Despite the pedestrian nature of many current radio station positioners, and my fears that they’re making radio sound small at the wrong time, I’m still able to find some current ones that stand out for me. I liked KROQ Los Angeles’ “Alternative First,” a slogan which it is now playing down, in tandem with going more gold-based again. That liner simultaneously claimed the music discovery position and asserted the station heritage against KYSR (Alt 98.7). I like that stations want to be “Number One for Music Discovery.” But I often hear it next to the song that is already a sub-power on a station and has been playing for 13 weeks—because if that slogan were used on music that was truly new, stations could use it only about eight times a day. It also takes something personal and joyful like ...Read More

The Best Positioning of Yesterday…

There have been two very different moves on station positioning in the U.K. this month. One was British group broadcaster Bauer going from the broad—“Your Music, Your Life”—to the more mundane with “The Biggest Hits, All Day Long.” But a week later, the U.K.’s Heart FM dropped its “More Music Variety” slogan. While it’s still unclear the extent to which it’s being used on the air, what replaced it is “Turn Up the Feel Good.” Judging by comments from readers and Facebook friends since last week’s question “Is Radio Famous for Boring Things?” there are a number of programmers who would be comfortable if radio moved away from station slogans altogether. Some felt that the right listener comments said more than any slug line. “Perception of the brand is the positioning statement,” writes veter...Read More

Where To Hear The ‘60s Online

They were the webcasters most vulnerable to changing performance royalty rates—the boutique stations specializing in ‘60s and ‘70s gold that you didn’t regularly hear on large-market broadcast radio. A year ago, there was legitimate cause for concern about the future of the individual Webcaster. So as we wrap up our look at where to hear the ‘60s on the radio, it’s gratifying that, whatever their travails over the last year, there’s still an incredibly wide array of choices. Pop Gold Radio — Veteran New Jersey radio personality Don Tandler’s labor of love got the most mentions here, including from Joseph McCombs, Tim Marini, and Rich Appel. Pop Gold’s centerpiece is its Saturday afternoon Time Machine countdown—not just the chart from this day in history but from a different legendar...Read More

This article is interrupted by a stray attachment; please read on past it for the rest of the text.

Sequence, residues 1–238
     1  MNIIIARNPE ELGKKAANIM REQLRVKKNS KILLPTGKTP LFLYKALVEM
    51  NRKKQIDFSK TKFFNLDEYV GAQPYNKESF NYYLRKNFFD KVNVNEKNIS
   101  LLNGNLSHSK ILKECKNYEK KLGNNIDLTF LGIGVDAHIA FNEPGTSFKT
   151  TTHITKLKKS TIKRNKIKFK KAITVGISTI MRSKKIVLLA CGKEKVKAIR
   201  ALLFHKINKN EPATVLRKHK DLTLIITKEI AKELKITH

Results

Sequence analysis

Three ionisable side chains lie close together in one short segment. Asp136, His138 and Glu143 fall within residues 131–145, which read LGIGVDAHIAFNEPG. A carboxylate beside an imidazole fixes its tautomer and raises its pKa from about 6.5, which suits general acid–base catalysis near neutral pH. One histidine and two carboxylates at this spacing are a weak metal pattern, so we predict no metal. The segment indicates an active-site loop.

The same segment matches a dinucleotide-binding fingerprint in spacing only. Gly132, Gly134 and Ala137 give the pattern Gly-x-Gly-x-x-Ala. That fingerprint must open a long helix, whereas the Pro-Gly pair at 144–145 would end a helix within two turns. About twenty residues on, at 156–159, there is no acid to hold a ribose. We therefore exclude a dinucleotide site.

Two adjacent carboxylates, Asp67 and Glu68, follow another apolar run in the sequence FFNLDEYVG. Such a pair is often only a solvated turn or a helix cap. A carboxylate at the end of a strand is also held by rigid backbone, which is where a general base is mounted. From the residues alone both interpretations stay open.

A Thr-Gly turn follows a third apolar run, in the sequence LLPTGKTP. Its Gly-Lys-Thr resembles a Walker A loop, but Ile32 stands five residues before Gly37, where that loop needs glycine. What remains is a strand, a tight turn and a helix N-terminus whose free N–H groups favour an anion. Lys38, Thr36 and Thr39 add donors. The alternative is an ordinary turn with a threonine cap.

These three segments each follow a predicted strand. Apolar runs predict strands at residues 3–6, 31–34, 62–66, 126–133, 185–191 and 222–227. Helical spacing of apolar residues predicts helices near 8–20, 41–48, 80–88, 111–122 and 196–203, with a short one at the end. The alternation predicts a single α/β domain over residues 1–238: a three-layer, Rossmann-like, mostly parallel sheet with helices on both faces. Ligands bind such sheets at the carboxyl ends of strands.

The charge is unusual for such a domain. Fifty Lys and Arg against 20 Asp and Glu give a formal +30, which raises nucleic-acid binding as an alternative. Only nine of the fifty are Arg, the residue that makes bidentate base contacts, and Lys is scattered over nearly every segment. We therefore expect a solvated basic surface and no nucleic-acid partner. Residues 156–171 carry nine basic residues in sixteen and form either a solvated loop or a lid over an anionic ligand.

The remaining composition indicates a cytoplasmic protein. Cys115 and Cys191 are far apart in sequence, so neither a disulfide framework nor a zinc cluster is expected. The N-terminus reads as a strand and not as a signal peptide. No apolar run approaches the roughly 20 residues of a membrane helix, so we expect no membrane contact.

Is Radio Famous For Boring Things

Is radio becoming famous for boring things? Or trying to? It’s long been something I’ve wondered about. It was always possible to reimagine McDonald’s “I’m lovin’ it” if broadcasters had chosen the slogan. But the fast-food giant never became “a better variety of burgers and chicken sandwiches — now with breakfast after 10 a.m.” In recent months, I’ve been listening to a lot of radio, even compared to my usual pace, and a lot of the traditional imaging is blending together. Without notes, I wouldn’t know where I heard “today’s hits, today’s favorites” yesterday, and where it was I heard “more music, more variety.” I wonder if those stand out enough against Spotify’s “Music for Everyone” or Pandora’s external marketing line “The Next Song Matters.” Only AccuRadio’s “Better Music for Y...Read More

Where To Hear The ‘60s Part II, Readers Respond

Last week’s column on Oldies and Classic Hits stations that still play the ‘60s, usually as part of a broader mix, brought forth a lot of reader suggestions. One of the biggest FM outlets to spring up as a result of the format’s evolution is Hubbard’s KAZG (Oldies 92.7) Phoenix. With rival KOOL pushing into the ‘90s, “KAZG cumes around 170,000 people a month and has a 1.3 share 6+ in December and the Holiday 2016 [PPMs]. We play Beatles, Motown, British Invasion, and lots of ‘60s pop music, in addition to plenty of ‘70s material,” writes cluster OM David Moore. Randy Michaels checks in with hometown WDJO Cincinnati, as well as Lancaster, Calif.’s “goldmine in the desert,” KFXM-LP, and WEAK-LP Athens, Ohio. Reader Bryan Wellander also mentioned WDJO. To which I’ll add that Cincinnati is als...Read More

Where To Hear The ‘60s (And More)

It began with a reader query: “Are 1960s hits pretty much phased out of local radio now?” he asked. “I know that gradually Classic Hits stations have modernized their playlists somewhat, moving [the ‘90s] in, and deleting ‘Stop! In the Name of Love’ and ‘Mrs. Robinson.’  Is the transition complete?  Are ‘60s hits going the way of Big Band era songs? “If so, that’s sad.  I think the ‘60s produced some amazing music, and although 25-54 demos are coveted, I think blowing out those songs is a huge mistake,” he added. The defections have been prominent, but not total, even among large-market Classic Hits stations. As recently noted, WMJI Cleveland, with an Adult Hits sister station next door, still includes the ‘60s in a ‘70s-centered mix. (Tommy James is headlining an upcoming station show.) W...Read More